Get Your Music On!

Relief Society Sisters in Sierra Leone singing from the 1985 hymnal

As we’ve mentioned, the Church is developing a new hymnal and Children’s Songbook. The final due date is 1 July 2019, but yesterday the Church issued additional information about what they’re looking for and final call for your opinions about current content.

As mentioned in the May 9 announcement, here are ways to participate:

As for me, I think I’ll take a bit and leaf through the hymnal to prepare for the revision survey. Then I’ll review the doctrinal points of emphasis and decide whether I have anything worth submitting by July 1.

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About Meg Stout

Meg Stout has been an active member of the Church of Jesus Christ (of Latter-day Saints) for decades. She lives in the DC area with her husband, Bryan, and several daughters. She is an engineer by vocation and a writer by avocation. Meg is the author of Reluctant Polygamist, laying out the possibility that Joseph taught the acceptability of plural marriage but may have privately defied the commandment for love of his wife, Emma.

3 thoughts on “Get Your Music On!

  1. General question to all those who served missions outside the US: Were there “favorite” hymns among the populations you served that differed from what might be considered the cultural core hymns of the US church? If so, why do you think that was? Skillful translation? Different melodic preferences?

  2. I served before the 1985 hymnal came out, and I recall that “Hark, All Ye Nations” was a favorite that we didn’t used to have.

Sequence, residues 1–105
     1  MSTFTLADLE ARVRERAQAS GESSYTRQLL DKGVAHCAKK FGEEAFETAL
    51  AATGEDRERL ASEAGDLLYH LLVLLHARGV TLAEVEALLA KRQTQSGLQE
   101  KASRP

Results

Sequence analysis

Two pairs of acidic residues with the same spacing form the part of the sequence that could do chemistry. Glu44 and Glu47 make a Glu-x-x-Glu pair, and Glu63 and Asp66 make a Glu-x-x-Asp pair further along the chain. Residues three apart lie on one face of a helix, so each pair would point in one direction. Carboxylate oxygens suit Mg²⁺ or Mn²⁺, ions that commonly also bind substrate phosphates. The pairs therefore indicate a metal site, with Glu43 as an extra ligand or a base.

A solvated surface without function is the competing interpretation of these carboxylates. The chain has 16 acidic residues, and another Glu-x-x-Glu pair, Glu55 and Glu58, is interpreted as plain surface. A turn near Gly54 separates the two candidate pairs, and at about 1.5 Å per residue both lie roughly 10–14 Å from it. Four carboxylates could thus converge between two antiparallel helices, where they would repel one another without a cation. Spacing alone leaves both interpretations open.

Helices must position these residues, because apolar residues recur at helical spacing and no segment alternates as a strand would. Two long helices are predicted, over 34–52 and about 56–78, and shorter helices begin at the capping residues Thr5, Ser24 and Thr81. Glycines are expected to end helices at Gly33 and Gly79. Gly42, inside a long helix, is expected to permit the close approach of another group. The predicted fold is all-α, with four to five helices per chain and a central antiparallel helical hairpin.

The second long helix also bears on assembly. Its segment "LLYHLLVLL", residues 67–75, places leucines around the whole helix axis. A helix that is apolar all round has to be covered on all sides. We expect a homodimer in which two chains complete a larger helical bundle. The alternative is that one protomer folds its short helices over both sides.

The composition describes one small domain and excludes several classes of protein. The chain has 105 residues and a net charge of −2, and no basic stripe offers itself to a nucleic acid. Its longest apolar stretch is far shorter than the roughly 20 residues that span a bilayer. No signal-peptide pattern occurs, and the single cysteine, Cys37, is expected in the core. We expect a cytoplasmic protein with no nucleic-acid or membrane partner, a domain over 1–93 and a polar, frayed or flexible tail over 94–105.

Generally, complex melodies from the older hymnals (pre-1985) have been replaced and the key signatures have been modified where useful to make it easier to sing and reduce the number of accidentals.

    Not a foreign thing, but I’ve heard a preference from a young person in my ward that we focus on God’s love rather than Christ’s extreme pain during the atonement. So things about how Christ died for us might be fine, but words about how thorns pierced His flesh and His blood fell like rain was something this young person found too extreme.

  3. I served in 1992-3 in Spain and we tended to more upbeat hymns. We used many more of those in the back half of the hymnal than my ward does today. But, the branches were small and it was the missionaries rather than the members that led the music and played the piano. 9 times out of 10 the missionaries also selected the music too.

    I found the list interesting. Especially the emphasis on joyful singing. My ward is more of a monotonous drone, although since I don’t sing and have no ear for music I have no right to criticize or complain.

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